Yasser Latif Hamdani
Sadiq Khan, the British-Pakistani lawyer and politician, has managed to win the election for the position of London’s mayor. As expected Pakistanis around the world have greeted the news with jubilation and excitement. After all, a first generation son of a Pakistani bus driver has managed to become the first Muslim mayor of a major city in the European Union. People say that this is a great triumph of secularism, which it is, but the statement needs to be put in context. The United Kingdom (UK), a fiercely secular society, is nevertheless not a secular state; constitutionally it is a protestant monarchy, where the monarch of the realm is also the head of the Anglican Church, and also under the Act of Settlement has to be Protestant Christian. Yet through evolution starting with the age of reason, the Protestant nature of the Kingdom has become dead letter for all practical purposes because politicians in the UK have adopted secularism as their creed. It is, therefore, possible for any citizen, whatever their faith, to become the mayor of London or even the prime minister. It was this British secularism that Pakistan’s founding father, Mohammad Ali Jinnah, has harked back to in his famous 11th of August 1947 speech, when he poignantly referred to the history and evolution of Catholic and Protestant conflict in the UK to the effect that “...today, you might say with justice that Roman Catholics and Protestants do not exist; what exists now is that every man is a citizen, an equal citizen of Great Britain and they are all members of the Nation.”
To do so, however, such a citizen must adopt secularism and belief in human rights as his or her creed. Predictably, Mayor Sadiq Khan does believe in these values. In 2012, he supported same-sex marriage, which prompted many UK mosques to denounce him and even threaten him. Khan was undeterred. How many in Pakistan today would vote for Khan holding such views? This is the irony. Pakistan abandoned the vision outlined by its founding father and chose instead a narrow-minded theocratic path. We already know where that has led us. The idea that a minority can be elected in this country to a responsible position in government has over time become unlikelier still. We are not even ready to accord our minorities the right to live in this country with dignity.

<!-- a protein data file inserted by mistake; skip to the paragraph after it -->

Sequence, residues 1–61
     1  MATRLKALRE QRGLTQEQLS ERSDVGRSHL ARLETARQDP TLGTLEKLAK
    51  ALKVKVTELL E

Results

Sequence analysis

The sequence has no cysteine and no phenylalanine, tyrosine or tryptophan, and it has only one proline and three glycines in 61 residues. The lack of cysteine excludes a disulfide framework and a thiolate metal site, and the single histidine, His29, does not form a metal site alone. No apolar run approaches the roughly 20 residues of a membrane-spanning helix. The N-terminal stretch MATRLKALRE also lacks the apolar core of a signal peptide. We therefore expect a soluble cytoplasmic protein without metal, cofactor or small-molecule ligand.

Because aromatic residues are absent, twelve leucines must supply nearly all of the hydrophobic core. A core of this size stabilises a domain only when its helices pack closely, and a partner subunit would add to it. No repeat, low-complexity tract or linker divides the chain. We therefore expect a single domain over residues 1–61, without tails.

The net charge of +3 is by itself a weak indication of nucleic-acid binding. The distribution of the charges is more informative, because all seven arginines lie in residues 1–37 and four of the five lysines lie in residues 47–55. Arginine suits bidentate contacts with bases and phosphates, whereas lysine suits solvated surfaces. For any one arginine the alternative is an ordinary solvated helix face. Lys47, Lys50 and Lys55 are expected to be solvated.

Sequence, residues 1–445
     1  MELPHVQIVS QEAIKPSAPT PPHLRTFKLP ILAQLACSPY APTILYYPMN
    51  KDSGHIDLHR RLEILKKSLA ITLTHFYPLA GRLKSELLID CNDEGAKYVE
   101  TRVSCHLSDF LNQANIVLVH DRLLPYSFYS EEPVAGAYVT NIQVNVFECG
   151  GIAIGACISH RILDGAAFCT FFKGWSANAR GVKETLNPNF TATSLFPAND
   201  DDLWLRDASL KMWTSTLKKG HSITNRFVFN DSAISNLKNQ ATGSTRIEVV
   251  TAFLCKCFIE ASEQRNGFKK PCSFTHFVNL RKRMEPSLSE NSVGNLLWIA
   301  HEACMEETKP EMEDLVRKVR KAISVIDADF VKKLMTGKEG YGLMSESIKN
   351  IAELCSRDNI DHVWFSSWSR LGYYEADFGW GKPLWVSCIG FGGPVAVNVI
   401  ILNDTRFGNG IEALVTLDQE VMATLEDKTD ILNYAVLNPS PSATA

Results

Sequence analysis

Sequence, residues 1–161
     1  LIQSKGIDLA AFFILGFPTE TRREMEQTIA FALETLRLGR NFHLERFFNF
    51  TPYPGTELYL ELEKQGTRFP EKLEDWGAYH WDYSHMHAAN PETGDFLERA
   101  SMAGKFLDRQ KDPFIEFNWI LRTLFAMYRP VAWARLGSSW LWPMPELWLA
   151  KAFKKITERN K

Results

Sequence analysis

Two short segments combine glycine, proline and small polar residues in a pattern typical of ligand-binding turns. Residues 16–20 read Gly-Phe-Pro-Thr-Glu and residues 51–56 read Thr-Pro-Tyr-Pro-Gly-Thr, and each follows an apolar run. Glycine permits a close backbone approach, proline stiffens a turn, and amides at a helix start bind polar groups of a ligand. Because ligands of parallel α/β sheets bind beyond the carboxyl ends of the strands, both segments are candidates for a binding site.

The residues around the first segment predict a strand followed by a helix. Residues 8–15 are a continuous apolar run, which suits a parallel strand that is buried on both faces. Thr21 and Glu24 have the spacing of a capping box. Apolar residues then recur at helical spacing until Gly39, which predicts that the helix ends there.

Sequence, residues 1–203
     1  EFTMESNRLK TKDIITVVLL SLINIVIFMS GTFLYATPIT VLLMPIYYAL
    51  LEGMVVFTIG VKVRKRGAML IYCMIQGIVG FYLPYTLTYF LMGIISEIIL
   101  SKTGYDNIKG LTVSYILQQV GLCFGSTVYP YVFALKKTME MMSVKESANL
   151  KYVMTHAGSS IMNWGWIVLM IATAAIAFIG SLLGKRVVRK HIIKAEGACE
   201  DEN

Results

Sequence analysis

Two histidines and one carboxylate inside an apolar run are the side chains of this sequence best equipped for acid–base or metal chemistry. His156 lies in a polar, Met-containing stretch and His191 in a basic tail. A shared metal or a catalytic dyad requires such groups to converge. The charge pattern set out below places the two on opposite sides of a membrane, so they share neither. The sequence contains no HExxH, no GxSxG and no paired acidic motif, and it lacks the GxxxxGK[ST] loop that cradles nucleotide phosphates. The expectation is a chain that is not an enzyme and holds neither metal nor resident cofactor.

Laws left behind by General Zia-ul-Haq have ensured that religious freedom as a constitutional fundamental right has become redundant and useless. Instead we have now campaigners from religious parties asking for the execution of ‘blasphemers’. To these campaigners, Pakistan is not even of secondary importance. They have not even considered how it would isolate Pakistan globally if we were to take some of our laws to their logical conclusion. Persecution of minority religious groups in Pakistan is the norm and not the exception. One forced minority, the Ahmadis, have been disenfranchised unconstitutionally and illegally because, despite the joint electorate, the state insists on placing their names, exclusively, on a ‘supplementary list’ on the electoral rolls. As a result, an Ahmadi cannot even become the mayor of Rabwah (officially called Chenab Nagar) where the majority population is from that group. So what are we celebrating Sadiq Khan’s victory in London for?